1999 Referendum Report and Statistics

Updated: 20 January 2011

Scrutiny after referendum night

Declaration vote scrutiny

The scrutiny of declaration votes (pre-poll, postal, absent and provisional) was conducted in two stages:

  • preliminary scrutiny: an examination of personal elector details on postal vote certificates and declaration envelopes to determine whether the person was entitled to vote; and
  • further scrutiny: if the elector was entitled to vote the ballot papers were then admitted to the count and were treated in the same way as ordinary ballot papers.

Preliminary scrutiny

A postal vote was accepted for further scrutiny if the DRO was satisfied that:

  • the elector was enrolled for the division (or entitled to have been on the roll) at the close of rolls;
  • the signature on the postal vote certificate was genuine and properly witnessed; and
  • the vote contained in the envelope was recorded prior to the close of the poll.

The AEC was required by law to wait 13 days after polling day to receive postal votes before counting could be finalised. This ensured that electors in remote areas and overseas were not disenfranchised.

A pre-poll, absent or provisional vote was accepted for further scrutiny if the DRO was satisfied that:

  • the elector was enrolled for the division (or entitled to have been on the roll) at the close of rolls; and
  • the certificate or declaration was properly signed and witnessed.

Further scrutiny

Once a postal, pre-poll, absent or provisional vote was admitted to the further scrutiny the envelope was opened and the ballot paper was treated in the same way as ordinary ballot papers. The further scrutiny began on the Monday after polling day.

Scanning Lists of Electors

After the referendum, all the certified lists of electors were electronically scanned to identify apparent non-voters and possible multiple voting.

The scanners identified from the certified lists:

  • whether or not a voter's name had been marked off;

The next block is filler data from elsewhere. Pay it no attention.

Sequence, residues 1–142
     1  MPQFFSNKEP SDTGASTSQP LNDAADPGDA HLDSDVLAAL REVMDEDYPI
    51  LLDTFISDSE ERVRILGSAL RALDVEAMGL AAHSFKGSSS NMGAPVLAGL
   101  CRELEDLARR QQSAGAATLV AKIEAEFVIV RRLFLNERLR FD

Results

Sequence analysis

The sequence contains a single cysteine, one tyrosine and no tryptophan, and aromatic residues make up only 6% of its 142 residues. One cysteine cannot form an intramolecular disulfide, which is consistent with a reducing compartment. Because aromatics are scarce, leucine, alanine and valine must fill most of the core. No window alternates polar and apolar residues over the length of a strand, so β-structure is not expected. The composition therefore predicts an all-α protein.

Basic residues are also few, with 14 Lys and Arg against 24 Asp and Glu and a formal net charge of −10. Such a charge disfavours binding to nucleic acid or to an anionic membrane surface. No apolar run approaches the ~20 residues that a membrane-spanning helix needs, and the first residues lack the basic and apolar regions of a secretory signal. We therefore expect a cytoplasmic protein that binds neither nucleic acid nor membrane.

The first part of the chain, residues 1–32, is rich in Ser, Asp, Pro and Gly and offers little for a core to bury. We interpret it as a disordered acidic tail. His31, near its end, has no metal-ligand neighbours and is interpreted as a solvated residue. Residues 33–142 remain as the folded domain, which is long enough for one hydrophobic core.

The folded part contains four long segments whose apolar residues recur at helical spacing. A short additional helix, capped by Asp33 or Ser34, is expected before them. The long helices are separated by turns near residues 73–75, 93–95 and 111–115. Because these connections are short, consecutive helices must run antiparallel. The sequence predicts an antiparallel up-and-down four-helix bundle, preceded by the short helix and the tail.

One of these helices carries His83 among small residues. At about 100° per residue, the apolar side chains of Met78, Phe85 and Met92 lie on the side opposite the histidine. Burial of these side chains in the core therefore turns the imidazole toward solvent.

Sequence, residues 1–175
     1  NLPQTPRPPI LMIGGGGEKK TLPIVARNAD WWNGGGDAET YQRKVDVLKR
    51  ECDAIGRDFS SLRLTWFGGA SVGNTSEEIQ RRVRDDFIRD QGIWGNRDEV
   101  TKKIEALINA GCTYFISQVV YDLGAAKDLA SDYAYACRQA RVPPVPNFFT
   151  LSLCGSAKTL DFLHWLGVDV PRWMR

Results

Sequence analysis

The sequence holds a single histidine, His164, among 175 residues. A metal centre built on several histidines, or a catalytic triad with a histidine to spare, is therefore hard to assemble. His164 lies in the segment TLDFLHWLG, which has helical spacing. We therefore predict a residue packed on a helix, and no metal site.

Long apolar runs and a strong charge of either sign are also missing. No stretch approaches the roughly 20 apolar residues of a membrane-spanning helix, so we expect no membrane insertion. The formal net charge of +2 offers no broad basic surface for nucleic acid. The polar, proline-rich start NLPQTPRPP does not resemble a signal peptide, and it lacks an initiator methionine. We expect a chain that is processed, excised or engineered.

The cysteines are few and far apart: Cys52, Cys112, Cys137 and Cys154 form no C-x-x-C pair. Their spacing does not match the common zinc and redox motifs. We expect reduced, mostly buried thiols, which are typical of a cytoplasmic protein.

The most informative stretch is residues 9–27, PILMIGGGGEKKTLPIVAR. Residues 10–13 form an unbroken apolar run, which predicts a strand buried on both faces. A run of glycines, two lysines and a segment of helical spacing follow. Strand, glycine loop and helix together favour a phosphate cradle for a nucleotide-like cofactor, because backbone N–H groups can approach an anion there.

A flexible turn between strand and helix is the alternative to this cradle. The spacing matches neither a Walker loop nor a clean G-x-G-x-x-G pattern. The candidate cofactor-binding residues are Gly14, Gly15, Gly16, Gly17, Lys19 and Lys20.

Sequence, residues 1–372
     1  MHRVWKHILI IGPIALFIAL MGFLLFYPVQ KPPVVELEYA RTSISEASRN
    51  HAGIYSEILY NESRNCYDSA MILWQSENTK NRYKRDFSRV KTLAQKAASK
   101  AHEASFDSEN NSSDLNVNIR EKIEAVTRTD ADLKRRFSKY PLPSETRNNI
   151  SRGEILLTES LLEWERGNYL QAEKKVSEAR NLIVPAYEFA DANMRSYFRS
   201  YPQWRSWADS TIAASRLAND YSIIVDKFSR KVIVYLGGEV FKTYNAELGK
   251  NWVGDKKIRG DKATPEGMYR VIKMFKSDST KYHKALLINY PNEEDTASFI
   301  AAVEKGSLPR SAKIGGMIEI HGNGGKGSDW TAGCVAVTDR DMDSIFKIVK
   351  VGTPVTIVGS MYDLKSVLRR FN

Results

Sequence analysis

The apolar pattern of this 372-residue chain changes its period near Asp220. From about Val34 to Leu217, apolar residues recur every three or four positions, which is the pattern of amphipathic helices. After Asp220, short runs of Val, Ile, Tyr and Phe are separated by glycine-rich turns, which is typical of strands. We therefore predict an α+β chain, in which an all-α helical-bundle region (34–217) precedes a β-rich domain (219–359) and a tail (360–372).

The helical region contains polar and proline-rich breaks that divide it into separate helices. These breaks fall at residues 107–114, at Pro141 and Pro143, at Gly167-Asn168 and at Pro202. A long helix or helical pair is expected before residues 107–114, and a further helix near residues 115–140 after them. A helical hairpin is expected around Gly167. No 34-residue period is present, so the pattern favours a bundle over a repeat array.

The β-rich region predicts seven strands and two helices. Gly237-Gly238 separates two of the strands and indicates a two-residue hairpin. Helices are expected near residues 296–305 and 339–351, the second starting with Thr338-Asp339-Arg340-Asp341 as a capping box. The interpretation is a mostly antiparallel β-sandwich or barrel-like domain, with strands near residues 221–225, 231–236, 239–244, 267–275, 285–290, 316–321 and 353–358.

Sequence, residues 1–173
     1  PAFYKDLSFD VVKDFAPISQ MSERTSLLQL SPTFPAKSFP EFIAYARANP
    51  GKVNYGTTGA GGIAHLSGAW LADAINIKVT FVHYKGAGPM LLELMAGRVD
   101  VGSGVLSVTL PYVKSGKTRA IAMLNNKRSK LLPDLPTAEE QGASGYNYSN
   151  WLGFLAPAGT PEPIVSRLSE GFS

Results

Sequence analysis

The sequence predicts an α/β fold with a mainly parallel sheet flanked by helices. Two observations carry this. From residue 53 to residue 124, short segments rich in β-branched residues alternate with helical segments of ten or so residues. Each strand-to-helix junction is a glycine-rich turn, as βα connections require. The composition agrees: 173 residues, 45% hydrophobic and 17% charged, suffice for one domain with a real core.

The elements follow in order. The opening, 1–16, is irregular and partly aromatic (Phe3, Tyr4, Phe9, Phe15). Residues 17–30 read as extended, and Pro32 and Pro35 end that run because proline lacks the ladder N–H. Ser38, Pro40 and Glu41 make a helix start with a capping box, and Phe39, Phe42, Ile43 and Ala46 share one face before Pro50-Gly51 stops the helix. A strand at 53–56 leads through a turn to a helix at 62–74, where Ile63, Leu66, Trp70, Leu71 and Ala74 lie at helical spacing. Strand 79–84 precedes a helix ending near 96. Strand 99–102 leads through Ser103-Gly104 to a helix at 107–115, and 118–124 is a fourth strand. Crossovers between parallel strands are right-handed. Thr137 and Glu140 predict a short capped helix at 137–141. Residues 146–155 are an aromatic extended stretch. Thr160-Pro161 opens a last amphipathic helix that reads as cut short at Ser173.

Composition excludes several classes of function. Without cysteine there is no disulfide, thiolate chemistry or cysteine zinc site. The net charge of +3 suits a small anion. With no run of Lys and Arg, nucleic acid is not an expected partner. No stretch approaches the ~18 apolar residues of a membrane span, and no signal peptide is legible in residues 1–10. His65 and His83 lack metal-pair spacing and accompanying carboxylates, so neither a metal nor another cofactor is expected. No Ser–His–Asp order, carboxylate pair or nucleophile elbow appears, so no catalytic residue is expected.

• the name of the polling place and the issuing point at which the voter's name was marked; and
  • any voter against whose name more than one mark-off had been recorded.

Two reports were produced from the scanning results:

  • a report providing the names of those electors against whom no mark had been shown – these were identified as apparent non-voters; and
  • a report showing the names of voters against whom more than one mark appears – these were identified as apparent multiple marks.

Following identification, DROs wrote to all of these electors seeking details as to why they did not vote or why more than one mark appeared against their name on the certified list.

At the 1999 referendum the scanning of certified lists to detect apparent non voters and multiple marks commenced within two days of polling. Lists were scanned at the AEC's permanent scanning centres in Sydney (NSW, ACT lists) and Brisbane (QLD, NT lists) and at temporary centres in Melbourne (VIC, TAS lists), Adelaide (SA lists) and Perth (WAlists).

The scanning of approximately 30 000 ordinary lists used in polling places nationally was completed within eight working days after the referendum. The scanning of special lists covering absent, pre-poll and provisional voters was completed during the third week after polling following the cut off date for the receipt of postal votes.

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